Chapter 1 Summary
Last Updated on October 6, 2022, by eNotes Editorial. Word Count: 675
Grant begins chapter 1 with the story of Mike Lazaridis, a tech-savvy young man who decided to drop out of college months before finishing his electrical engineering degree. Lazaridis went on to invent the BlackBerry phone, which at one point dominated the US smartphone market. Unfortunately, BlackBerry’s failure to adapt led to its market share dropping drastically in 2014. Grant maintains that although Lazaridis’s mode of thinking was once revolutionary, his failure to rethink in a rapidly evolving tech landscape led to the BlackBerry’s obsolescence.
In this new age of information and technology, Grant asserts, it is integral for us to learn to adapt to accelerating changes to widely accepted knowledge and assumptions—such as Pluto’s status as a planet. Grant and his colleague, Phil Tetlock, discovered that we usually take on one of three roles when we think and talk: that of a preacher, prosecutor, or politician. People become preachers when they advocate for beliefs and assumptions they hold sacred, while they become prosecutors when arguing against the perceived flaws of others. Finally, they become politicians when they are trying to court the favor or approval of their audience.
Grant takes as an example the case of Stephen Greenspan, who, against the warnings of his financial adviser friend, invested nearly a third of his savings in a retirement fund which turned out to be a Ponzi scheme managed by Bernie Madoff. He maintains that each of the three modes (preacher, prosecutor, and politician) contributed to Greenspan's ill-fated decision to invest in the fund. The key to eluding such gullibility, Grant asserts, is to adopt the mode of a scientist.
Apart from a profession, being a scientist is also a frame of mind that prioritizes testing and rethinking hypotheses. In an experiment conducted by European researchers, more than a hundred Italian startup founders were gathered for an entrepreneurship training program wherein one group was taught “scientific thinking” while the other wasn’t. In the following year, they found that the “scientific thinking” group gained much, much more in revenue than that of the control group. Instead of preaching, prosecuting, and politicking, Grant asserts that entrepreneurs would benefit more from science-based business models. While entrepreneurs are often seen as strong-minded figures, the most successful ones adopt the carefulness and flexibility of scientists.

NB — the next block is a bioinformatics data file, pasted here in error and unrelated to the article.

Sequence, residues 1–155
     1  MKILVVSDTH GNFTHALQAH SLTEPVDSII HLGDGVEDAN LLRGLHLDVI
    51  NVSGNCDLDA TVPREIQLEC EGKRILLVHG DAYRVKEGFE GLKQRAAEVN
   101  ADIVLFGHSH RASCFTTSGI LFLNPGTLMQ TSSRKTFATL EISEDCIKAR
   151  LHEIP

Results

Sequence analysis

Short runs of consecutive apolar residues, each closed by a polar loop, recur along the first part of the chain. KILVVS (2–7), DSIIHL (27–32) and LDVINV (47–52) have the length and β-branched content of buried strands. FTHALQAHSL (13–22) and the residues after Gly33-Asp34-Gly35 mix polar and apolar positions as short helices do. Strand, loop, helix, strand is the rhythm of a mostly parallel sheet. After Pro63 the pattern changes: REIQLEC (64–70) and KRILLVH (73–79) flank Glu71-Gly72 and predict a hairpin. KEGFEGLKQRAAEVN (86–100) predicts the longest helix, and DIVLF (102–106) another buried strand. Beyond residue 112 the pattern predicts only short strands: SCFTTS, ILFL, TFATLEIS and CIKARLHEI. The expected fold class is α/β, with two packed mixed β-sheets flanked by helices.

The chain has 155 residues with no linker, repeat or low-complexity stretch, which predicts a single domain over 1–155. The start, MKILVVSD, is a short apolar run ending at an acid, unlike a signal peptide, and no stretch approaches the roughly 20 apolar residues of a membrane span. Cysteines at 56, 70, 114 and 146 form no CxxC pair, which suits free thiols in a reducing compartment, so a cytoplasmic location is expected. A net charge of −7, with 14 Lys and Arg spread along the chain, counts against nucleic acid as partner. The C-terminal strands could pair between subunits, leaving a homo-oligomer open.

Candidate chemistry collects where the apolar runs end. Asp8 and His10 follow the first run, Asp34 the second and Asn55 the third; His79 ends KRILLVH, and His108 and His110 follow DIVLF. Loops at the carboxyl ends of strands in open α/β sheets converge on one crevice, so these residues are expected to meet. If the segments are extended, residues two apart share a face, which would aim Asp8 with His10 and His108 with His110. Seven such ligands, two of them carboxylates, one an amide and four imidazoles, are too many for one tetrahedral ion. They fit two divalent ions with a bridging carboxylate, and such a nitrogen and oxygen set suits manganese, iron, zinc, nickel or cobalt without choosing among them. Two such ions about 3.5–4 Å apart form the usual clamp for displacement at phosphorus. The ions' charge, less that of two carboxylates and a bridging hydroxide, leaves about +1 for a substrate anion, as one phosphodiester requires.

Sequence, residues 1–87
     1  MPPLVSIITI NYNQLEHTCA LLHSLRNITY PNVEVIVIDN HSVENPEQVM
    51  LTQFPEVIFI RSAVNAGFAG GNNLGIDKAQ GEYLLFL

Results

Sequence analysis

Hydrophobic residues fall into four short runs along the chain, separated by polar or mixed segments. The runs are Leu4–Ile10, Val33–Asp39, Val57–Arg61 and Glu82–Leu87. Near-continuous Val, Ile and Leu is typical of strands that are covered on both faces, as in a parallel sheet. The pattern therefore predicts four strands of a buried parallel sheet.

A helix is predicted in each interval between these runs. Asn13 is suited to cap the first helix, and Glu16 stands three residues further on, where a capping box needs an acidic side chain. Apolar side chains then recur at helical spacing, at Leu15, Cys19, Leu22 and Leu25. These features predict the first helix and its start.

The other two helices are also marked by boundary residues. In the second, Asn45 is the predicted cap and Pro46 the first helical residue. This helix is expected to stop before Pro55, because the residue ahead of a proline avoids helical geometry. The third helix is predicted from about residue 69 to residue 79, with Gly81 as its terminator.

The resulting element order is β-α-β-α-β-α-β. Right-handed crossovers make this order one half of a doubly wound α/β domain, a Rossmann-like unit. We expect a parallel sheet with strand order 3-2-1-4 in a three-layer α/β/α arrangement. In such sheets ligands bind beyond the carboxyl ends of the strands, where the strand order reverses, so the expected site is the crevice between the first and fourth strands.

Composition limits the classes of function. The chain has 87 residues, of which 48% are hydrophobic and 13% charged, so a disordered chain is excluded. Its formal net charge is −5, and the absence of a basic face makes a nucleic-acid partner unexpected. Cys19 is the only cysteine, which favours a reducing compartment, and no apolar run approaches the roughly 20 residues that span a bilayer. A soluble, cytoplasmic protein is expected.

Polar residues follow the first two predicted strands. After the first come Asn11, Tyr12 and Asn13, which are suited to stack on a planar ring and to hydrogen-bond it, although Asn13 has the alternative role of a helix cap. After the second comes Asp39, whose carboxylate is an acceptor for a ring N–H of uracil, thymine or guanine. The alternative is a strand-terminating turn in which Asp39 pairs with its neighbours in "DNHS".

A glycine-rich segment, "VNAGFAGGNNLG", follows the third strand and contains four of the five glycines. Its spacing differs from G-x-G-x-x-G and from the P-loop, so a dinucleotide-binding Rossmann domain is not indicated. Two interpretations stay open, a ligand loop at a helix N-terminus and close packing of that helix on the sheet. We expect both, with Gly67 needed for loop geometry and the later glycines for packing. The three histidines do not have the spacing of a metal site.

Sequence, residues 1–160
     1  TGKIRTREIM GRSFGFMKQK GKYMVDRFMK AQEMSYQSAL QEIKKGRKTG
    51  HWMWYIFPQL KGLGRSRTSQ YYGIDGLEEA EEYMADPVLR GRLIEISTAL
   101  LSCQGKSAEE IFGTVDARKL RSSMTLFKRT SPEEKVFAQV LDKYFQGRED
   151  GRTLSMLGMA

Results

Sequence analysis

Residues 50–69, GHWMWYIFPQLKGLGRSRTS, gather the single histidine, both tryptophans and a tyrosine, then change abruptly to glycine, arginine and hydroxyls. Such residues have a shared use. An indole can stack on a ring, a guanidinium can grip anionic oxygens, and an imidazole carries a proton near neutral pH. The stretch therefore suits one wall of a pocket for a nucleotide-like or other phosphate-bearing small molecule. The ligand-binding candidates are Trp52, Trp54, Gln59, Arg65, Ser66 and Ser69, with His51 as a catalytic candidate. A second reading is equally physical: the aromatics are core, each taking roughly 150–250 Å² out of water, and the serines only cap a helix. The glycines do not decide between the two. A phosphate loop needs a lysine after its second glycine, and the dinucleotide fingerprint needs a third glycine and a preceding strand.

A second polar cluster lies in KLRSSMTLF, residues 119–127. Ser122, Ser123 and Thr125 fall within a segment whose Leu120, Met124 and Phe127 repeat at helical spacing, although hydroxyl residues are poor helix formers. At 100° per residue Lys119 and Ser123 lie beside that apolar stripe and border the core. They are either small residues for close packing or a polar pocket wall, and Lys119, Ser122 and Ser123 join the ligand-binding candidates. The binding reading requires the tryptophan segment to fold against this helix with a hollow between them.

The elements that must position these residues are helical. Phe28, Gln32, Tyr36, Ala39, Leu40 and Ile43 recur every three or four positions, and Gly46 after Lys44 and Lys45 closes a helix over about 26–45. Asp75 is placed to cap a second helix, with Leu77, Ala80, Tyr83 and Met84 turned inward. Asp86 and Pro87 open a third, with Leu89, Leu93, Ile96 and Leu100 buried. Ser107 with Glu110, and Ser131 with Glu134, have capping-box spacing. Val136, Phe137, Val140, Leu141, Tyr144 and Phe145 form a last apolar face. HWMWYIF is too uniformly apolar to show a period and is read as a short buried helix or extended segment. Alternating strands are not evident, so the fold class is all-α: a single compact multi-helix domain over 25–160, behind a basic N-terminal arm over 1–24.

Grant returns to Mike Lazaridis, who refused his engineers’ call to incorporate certain features in the BlackBerry, such as an Internet browser, encrypted text messages, and entertainment apps. Although Lazaridis had been a tech prodigy since childhood, he was only able to rethink in terms of engineering and design—and not market conditions. Following this, Grant asserts that intelligence is often an obstacle to mental dexterity. He cites confirmation bias (seeing what one expects to see) and desirability bias (seeing what one wants to see) as the two culprits, compounded by the fact that intelligence often leads to the inability to perceive the limits of one’s understanding. To adopt the mode of the scientist is to become actively open-minded, foregoing intuition for evidence. Grant then cites examples and asserts that what great scientists and great US presidents have in common is their cognitive flexibility.
Finally, Grant explains that the process of rethinking begins with intellectual humility. This humility leads to doubt, which leads to curiosity and, finally, discovery. Often, however, people indulge in overconfidence cycles instead of rethinking cycles—as in the case of Mike Lazaridis. His pride in his prized invention led to his company’s downfall, as he was convinced that the BlackBerry’s keyboard was too iconic to forego in favor of touchscreen models. Conversely, Apple’s team of engineers was able to successfully advocate for building a mobile phone model of their iPod after assuring Steve Jobs that it wouldn’t alter the core identity of the company. The iPhone turned out to be a massive success, accounting for almost half of Apple’s revenue only a few years after its release. Grant ends the chapter by emphasizing the importance of open-mindedness to the practice of rethinking.